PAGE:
News from Australia


Subject: News from Australia
From: Barbara Schleihagen (Eblida@nblc.nl)
Date: to 21 loka   1999 - 11:00:51 EEST


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Dear all,

You might be interested in seeing a press release from the Copyright Agency
Limited giving their view on the draft Copyright Amendment Bill in Australia.

Best wishes,
Barbara Schleihagen
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Date: Thu, 21 Oct 1999 17:11:13 +1000
From: "Charles Maddison" <cmaddison@copyright.com.au>
To: "info@copyright.com" <info@copyright.com>
Subject: Digital law will protect consumers
Content-Length: 10538

NEWS RELEASE

21 October 1999

Consumers will be protected by new digital © law

If the Copyright Amendment (Digital Agenda) Bill its true aim, consumers
will enjoy the same rights to buy, borrow and copy literary works online
as they do now with printed material, Copyright Agency Limited (CAL)
said today.

The House of Representatives’ Standing Committee on Legal and
Constitutional Affairs will tomorrow hold its final roundtable on the
Digital Agenda Bill.

At the roundtable, CAL will argue that when the Bill goes before the
House of Representatives, two principles should apply to both print and
digital publications:

1) copyright holders generally have the right to be remunerated when
their work is copied; and

2) within certain limits, students, critics and journalists have right
to copy work free of charge.

“However, we are concerned that exceptions to copyright legislation in
the digital environment (such as ‘fair dealing’ provisions for students)
should be assessed differently for digital works,” said CAL’s Policy
Officer, Mr David Emery.

“It should be a qualitative test, not a quantitative measure of value.”

A range of organisations associated with intellectual property in the
digital economy will be represented at the roundtable, including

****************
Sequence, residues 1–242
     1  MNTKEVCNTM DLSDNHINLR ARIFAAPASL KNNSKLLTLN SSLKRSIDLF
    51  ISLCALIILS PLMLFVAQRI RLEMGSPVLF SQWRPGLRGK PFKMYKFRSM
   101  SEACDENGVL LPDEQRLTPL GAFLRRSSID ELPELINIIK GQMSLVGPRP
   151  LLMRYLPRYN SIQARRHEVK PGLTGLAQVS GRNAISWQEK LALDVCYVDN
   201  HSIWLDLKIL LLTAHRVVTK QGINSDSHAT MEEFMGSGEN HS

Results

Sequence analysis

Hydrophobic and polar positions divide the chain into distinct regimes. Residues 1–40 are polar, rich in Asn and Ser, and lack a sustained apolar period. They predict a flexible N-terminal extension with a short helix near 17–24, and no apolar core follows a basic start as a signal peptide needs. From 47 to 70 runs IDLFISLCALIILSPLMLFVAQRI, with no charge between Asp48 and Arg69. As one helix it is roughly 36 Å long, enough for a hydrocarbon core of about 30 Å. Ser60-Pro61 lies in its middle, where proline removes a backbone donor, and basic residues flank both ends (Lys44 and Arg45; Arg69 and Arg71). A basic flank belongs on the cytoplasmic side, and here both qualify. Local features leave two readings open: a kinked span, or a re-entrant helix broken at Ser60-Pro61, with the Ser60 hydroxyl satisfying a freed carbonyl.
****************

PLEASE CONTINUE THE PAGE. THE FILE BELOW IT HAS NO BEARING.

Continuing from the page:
Copyright Agency Limited, Telstra, the Australian Consumers Association,
the International Intellectual Property Alliance; Screenrights and the
Australian Vice-Chancellors Committee.

Topics to be aired at tomorrow’s roundtable include:

* fair dealing provisions for students and others;
* enforcement measures, including circumvention devices and
rights management;
* statutory licensing of digital copying;
* issues surrounding temporary online reproductions;
* reproducing and / or communicating insubstantial portions of
digital works; and
* exceptions for libraries and archives.

The roundtable will be divided into two sessions, running from 8am until
3.30pm in the Wentworth Hotel, Sydney. Observers are welcome to attend.

Mr Emery said the roundtable was the Committee’s last opportunity to
hear the range of views about digital copyright before preparing its
report to the Government (which is due to be delivered in the week
beginning December 6).

“The most important thing about the Bill is that, when passed into
legislation, it will provide the legal infrastructure for Australia’s
online market for books, journals, articles and other content,” he said.

“Despite some extreme statements about the Bill’s possible effects from
user-group representatives, CAL believes the Bill proposes a reasonable
technologically neutral solution.

“Students and others who benefit from ‘fair dealing’ provisions will
retain their current rights to free copying in the digital environment,”
Mr Emery said.

“The Bill allows the same level of public access to information– just as
you go to the library to borrow a book, you will be able to go there and
download information online.

“In fact, in addition to all the free use copying provisions open to
libraries now, the libraries will have many more under this Bill. They
will be able to make digital copies of articles and up to 10% of books
and communicate these to library users via email or internet for
research and study purposes,” he said.

“All we ask is that the copyright owner be allowed to participate in
this digital market, by ensuring a fair copying fee is charged.

“The issue is that the test of what is fair digital copying, and
therefore free of copyright fees, should be different to the test
applied to photocopying, because PCs and the internet are exponentially
more powerful copying tools than photocopiers, delivering 100% perfect
digital copies of complete works within seconds.”

Representing thousands of authors and publishers both in Australian and
overseas, CAL argues that systematic and commercial copying of works
should provide some payment to the copyright owner.

“But there’s no denying it will be a new commercial environment, and we
hope the Digital Agenda Bill will recognise how changed patterns of
consumer behaviour and usage affect copyright owners,” he said.

“Educational publishers, for example, will be competing online with such
free information products as Encyclopaedia Britannica. Various business
models, no doubt, will work for different niche markets,” Mr Emery said.

“Reading is not an infringement of copyright. Never was, never will be.

“But if you don't respect the copyright system, what will there be to
read?”

CAL media contact

David Emery
Policy Officer
Copyright Agency Limited

Phone: 02 – 9394 7600



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